Valtteri Bottas has admitted that he hasn’t yet spoken to Sauber or Audi about 2026, when the German manufacturer will merge with the Hinwil-based side, following a 75% takeover.
Bottas is currently contracted to Sauber until the end of 2024, having joined the team on a multi-year deal at the start of 2022.
The 34-year-old joined Alfa Romeo/Sauber at the start of last season after leaving Mercedes, with George Russell having taken his place alongside Lewis Hamilton.
Bottas has performed well for Alfa Romeo, but he’s failed to really shine.
Team-mate Zhou Guanyu has arguably performed better, given how inexperienced he is compared to Bottas.
Whilst his performances haven’t been anything to write home about, Bottas’ experience would be very useful for Audi, with him expecting talks to be “happening soon”.
“We haven’t still spoken about ’26,” Bottas told the media including PlanetF1.com.
“I think those discussions are probably going to be happening soon. I think naturally when nothing is confirmed for some years there’s always speculation. So let’s see.
“It’s still a bit early for anyone to commit to ’26 so we’ll see.”
However, Audi are reportedly more interested in Carlos Sainz, someone who appears to already be looking towards the new power unit regulations.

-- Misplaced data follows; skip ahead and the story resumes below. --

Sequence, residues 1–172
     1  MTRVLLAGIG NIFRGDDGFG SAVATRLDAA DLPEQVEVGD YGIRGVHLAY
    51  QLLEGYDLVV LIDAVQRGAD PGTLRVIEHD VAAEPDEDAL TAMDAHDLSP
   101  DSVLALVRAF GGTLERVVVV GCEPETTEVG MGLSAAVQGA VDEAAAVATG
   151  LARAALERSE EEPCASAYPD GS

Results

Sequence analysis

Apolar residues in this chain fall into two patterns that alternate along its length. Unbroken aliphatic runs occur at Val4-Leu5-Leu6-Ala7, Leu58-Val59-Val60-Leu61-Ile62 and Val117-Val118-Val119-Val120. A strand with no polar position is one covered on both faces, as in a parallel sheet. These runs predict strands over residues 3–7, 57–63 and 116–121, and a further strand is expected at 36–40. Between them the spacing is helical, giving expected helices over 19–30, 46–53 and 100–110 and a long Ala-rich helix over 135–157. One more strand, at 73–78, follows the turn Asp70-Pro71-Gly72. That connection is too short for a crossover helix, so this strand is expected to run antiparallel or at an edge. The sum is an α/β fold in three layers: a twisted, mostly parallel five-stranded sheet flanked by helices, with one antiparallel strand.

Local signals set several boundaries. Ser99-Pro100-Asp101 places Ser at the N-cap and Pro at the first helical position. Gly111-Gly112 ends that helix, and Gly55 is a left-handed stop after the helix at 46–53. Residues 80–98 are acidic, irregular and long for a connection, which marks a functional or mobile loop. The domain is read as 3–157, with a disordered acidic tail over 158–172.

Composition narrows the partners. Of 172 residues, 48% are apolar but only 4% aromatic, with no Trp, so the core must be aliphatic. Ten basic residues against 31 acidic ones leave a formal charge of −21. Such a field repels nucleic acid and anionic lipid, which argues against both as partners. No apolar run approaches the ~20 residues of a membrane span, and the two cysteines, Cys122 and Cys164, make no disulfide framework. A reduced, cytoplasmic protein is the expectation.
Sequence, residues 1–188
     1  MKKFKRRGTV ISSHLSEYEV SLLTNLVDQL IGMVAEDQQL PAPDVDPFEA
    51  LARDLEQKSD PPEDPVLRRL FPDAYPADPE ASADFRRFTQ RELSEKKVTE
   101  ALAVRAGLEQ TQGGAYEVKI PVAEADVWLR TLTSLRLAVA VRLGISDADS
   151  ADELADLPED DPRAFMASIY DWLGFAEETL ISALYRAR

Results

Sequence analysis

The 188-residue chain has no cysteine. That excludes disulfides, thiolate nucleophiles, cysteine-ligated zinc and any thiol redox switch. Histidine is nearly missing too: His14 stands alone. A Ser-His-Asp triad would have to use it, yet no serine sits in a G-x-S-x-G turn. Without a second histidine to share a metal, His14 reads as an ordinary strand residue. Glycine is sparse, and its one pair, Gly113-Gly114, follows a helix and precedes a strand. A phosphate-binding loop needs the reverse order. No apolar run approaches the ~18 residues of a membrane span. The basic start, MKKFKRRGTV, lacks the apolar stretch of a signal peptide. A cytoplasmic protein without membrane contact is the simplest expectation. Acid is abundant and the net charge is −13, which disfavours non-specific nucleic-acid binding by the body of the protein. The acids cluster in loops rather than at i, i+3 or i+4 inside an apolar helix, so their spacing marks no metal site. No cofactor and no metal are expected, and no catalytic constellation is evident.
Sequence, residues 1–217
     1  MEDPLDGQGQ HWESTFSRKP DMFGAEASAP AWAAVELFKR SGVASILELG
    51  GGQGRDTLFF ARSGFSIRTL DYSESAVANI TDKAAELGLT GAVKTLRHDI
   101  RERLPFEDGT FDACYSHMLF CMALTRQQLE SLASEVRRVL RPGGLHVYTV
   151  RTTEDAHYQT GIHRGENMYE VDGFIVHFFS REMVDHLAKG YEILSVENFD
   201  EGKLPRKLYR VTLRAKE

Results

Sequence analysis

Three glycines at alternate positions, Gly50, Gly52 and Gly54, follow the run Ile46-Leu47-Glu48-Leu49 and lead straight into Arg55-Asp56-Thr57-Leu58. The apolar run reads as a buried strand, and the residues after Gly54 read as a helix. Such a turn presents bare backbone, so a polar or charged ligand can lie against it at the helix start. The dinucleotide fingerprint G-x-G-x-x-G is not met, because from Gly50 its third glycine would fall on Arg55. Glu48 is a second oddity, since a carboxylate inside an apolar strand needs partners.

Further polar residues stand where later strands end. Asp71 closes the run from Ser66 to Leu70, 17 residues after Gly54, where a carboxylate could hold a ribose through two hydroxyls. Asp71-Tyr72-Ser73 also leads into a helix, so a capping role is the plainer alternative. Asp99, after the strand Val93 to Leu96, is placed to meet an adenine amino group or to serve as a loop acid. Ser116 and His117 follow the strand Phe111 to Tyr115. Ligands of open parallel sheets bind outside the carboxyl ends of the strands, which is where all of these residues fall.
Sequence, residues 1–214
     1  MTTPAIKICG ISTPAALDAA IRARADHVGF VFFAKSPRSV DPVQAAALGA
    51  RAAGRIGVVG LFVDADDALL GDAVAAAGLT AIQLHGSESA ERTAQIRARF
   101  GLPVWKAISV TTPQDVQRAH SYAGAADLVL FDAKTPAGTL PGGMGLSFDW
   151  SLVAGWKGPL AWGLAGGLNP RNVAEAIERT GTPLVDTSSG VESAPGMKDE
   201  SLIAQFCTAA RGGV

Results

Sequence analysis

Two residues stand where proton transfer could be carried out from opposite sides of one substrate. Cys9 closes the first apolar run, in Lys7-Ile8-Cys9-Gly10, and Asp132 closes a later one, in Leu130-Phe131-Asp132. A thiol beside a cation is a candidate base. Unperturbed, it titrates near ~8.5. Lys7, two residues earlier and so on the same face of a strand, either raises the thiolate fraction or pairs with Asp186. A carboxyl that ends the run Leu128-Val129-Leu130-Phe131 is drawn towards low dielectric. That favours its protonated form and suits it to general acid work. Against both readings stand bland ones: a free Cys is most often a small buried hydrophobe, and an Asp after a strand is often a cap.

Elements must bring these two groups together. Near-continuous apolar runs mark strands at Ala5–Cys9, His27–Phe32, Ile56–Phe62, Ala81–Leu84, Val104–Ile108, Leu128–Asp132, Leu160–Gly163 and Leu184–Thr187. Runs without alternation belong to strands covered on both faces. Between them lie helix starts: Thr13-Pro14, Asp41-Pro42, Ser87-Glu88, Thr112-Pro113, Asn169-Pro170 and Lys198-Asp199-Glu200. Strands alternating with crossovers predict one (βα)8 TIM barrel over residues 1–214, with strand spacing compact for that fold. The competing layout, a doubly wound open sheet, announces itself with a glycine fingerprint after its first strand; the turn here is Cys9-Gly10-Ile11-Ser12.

It was reported that Sainz signed a “pre-contract” with the team for 2026, should he not remain at Ferrari.
The Spaniard’s team though, have insisted that, “Plan A is Ferrari. Plan B is Ferrari and plan C also remains Ferrari.”
When put to Bottas that Sainz was already thinking about 2026, the Finn admitting that “rumours” are always flying around.
“You know, there’s always rumours,” said the Finn.
Having raced for the Silver Arrows during their dominant spell, Bottas understands what it takes to be superior.
As a result, he can understand how Red Bull are currently feeling, given that they are clear of every team.
Despite this, Bottas admitted that he thought the gap between Red Bull and the likes of Mercedes would’ve reduced by now.
“I would have imagined by now with this new regulations that the gaps would be smaller at the top,” he said.
“But I think the new regs are still going to be more effective in the years to come with limitations on the wind tunnel testing, etc. So let’s give it still one or two more years. And then we’ll see.”